April 10, 2017 by Louise Youngs

Supporting an EC project on ‘Setting priorities for further development and validation of test methods and evaluating endocrine disruptors’, Louise Youngs recently attended the 3-day ‘Workshop on Thyroid Disruption’, held by DG Environment and ANSES in Paris on the 29th - 31st March 2017.

Following an introduction by Peter Korytar (DG ENV) and Andreas Kortenkamp (Brunel University, UK), Tom Zoeller (University of Massachusetts, USA) gave the keynote lecture on ‘Thyroid disruptor research in the 21st century’. As persistent reductions in thyroxine (T4) are not necessarily accompanied by alterations in TSH and labelling index, Zoeller suggested that the “idealised” view of the thyroid system may need to be reconsidered. The relative significance of free thyroid hormones (T4 and triiodothyronine (T3)) should be balanced against knowledge of the dynamic equilibrium formed with transport proteins, such as thyroxine-binding globulin (TBG), transthyretin (TTR) and albumin.

Patience Browne (OECD, France) provided an informative overview of the test guidelines for thyroid disruption, highlighting that whilst a number of OECD Conceptual Framework Level 4-5 studies incorporate thyroid endpoints, there are no Level 2 in vitro mechanistic assays, and limited Level 3 in vivo studies to support ED evaluations. Whilst EURL-ECVAM efforts are underway, no responses were received following an OECD request for proposals to validate in vitro thyroid assays. With regards to developments of mammalian in vivo OECD TG, Browne suggested inclusion of thyroid hormone measurements in the Developmental Neurotoxicity Study (OECD TG 426) and guidance on the timing of euthanasia to reduce the impact of diurnal fluctuations. Niklas Andersson (ECHA, Finland) outlined the position and approach adopted by the European Chemicals Agency (ECHA), stressing that information requests have to be proportionately and justifiably tailored to information needs, which is hampered by a lack of in vitro and in vivo standardised test guidelines for thyroid mechanism(s) and pathway(s).

Presenting ‘New insights from ecotoxicological animal models (fish, amphibians)’, Alice Baynes (Brunel University, UK) suggested that whilst there is significant conservation of endocrine machinery, differing ADME (absorption, distribution, metabolism and excretion), may complicate interspecies extrapolations. The differences in fish and mammal anatomy were also discussed, the former of which does not have a thyroid gland per se, but rather comparable thyroid follicles dispersed throughout the head. Baynes also stated that the current battery of tests for thyroid disruption in wildlife were very “froggy”, which may not protect the whole ecosystem.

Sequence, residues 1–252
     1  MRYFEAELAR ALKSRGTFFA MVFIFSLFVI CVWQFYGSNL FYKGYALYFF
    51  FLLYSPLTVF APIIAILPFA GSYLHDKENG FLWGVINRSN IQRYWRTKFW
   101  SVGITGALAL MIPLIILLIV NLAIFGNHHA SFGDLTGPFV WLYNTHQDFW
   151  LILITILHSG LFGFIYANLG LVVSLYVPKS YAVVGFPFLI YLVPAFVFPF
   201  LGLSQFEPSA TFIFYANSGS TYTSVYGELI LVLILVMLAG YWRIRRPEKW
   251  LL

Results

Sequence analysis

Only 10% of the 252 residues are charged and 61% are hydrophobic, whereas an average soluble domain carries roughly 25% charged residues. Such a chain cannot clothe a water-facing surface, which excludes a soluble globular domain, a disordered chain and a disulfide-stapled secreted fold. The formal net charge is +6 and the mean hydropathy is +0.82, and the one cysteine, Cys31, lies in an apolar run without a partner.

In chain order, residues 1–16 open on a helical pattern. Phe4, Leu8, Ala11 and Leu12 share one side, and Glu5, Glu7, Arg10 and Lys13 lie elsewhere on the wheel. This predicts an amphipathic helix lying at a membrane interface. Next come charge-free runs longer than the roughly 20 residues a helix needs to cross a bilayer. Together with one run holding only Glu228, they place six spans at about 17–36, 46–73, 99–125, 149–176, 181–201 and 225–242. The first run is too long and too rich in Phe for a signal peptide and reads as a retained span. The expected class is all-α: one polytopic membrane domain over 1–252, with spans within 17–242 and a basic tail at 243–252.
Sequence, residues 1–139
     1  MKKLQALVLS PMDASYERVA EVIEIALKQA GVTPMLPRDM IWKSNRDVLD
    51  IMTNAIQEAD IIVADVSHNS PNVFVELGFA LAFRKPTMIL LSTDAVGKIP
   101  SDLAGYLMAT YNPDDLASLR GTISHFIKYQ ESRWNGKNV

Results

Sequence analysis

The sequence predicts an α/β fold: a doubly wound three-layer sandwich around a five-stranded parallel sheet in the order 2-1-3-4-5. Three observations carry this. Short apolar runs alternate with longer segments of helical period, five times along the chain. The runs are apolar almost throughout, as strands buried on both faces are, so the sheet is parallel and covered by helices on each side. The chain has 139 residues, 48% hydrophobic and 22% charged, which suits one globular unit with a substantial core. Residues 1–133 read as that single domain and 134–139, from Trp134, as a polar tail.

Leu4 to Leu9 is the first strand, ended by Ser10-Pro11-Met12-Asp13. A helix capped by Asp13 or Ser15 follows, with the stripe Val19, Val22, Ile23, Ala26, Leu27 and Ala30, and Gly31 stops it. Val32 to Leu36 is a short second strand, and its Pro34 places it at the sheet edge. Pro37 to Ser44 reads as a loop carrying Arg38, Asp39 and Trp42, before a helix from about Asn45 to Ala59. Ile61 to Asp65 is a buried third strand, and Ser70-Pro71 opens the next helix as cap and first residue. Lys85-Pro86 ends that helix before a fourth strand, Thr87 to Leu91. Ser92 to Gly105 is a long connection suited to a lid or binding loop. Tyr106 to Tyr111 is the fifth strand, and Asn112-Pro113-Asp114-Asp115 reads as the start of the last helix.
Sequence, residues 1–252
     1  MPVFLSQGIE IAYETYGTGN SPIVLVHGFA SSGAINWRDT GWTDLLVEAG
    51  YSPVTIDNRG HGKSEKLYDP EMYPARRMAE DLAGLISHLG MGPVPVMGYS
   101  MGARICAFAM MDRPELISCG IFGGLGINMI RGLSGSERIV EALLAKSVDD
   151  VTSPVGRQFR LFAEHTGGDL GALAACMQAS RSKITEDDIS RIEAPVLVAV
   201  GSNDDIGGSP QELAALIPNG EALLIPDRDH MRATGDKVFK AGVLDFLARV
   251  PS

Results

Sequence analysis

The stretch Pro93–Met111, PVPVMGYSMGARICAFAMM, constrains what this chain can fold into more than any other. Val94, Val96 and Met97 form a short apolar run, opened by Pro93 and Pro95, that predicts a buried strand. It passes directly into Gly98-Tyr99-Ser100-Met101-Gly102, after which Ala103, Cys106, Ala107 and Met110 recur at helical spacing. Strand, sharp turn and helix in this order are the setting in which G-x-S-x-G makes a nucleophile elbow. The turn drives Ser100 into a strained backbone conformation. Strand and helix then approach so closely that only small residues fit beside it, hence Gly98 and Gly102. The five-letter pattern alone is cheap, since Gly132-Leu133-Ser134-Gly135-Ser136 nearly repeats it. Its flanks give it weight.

Aiming to form a consensus of the relevance of the animal models, compensatory effects and hepatic metabolism in thyroid insufficiency, four case studies were outlined for consideration by the WG - Fipronil, PBDE, Perchlorate and Mancozeb. Workshop participants were then split into six groups, to discuss three topics: (1) Assays and endpoints for thyroid disruption - status quo and perspectives for enhancements; (2) The human relevance of models of thyroid disruption pathways; and (3) Thyroid systems across taxa: the relevance of mammalian data in environmental assessments and of non-mammalian data in human health risk assessment.

Discussion groups stressed the need for further research into the relevance of in vitro assays, which are required to build key event relationships (KER) to adverse outcomes. Whilst gene expression profiling of tissues routinely collected in in vivo OECD Conceptual Level 3-5 tests was considered useful, significant research and validation would be required prior to implementation. In line with the previous amendment to the 90-day repeat-dose toxicity study (OECD TG 408), it was suggested that optional T4 measurements in the 28-day study (OECD TG 407) should be made mandatory. Adaptation of developmental neurotoxicity studies (OECD TG 426 and 443 cohort 2) to include more sensitive markers of thyroid disruption, such as histopathological assessment of subcortical heterotopia, was also suggested (see Gilbert et al. 2014; Spring et al. 2016).

Whilst a consensus was not reached, the majority agreed that “changes in T4 in animal studies are predictive of adverse consequences in the developing brain and are therefore sufficient for regulatory decisions”. Most participants also agreed that, in the absence of additional data to the contrary, effects in the rat are of concern to humans.


Gilbert ME, Ramos RL, McCloskey DP, Goodman JH (2014) Structural band heterotopia in rat offspring following material hypothyroxinaemia: structural and functional characteristics. Journal of Neuroendocrinology 26 (8): 528-541.

Spring SR, Bastian TW, Wang Y, Kosian P, Anderson GW, Gilbert ME (2016) Thyroid hormone-dependent formation of a subcortical band heterotopia (SBH) in the neonatal brain is not exacerbated under conditions of low dietary iron (FeD). Neurotoxicology and Teratology 56: 41-46.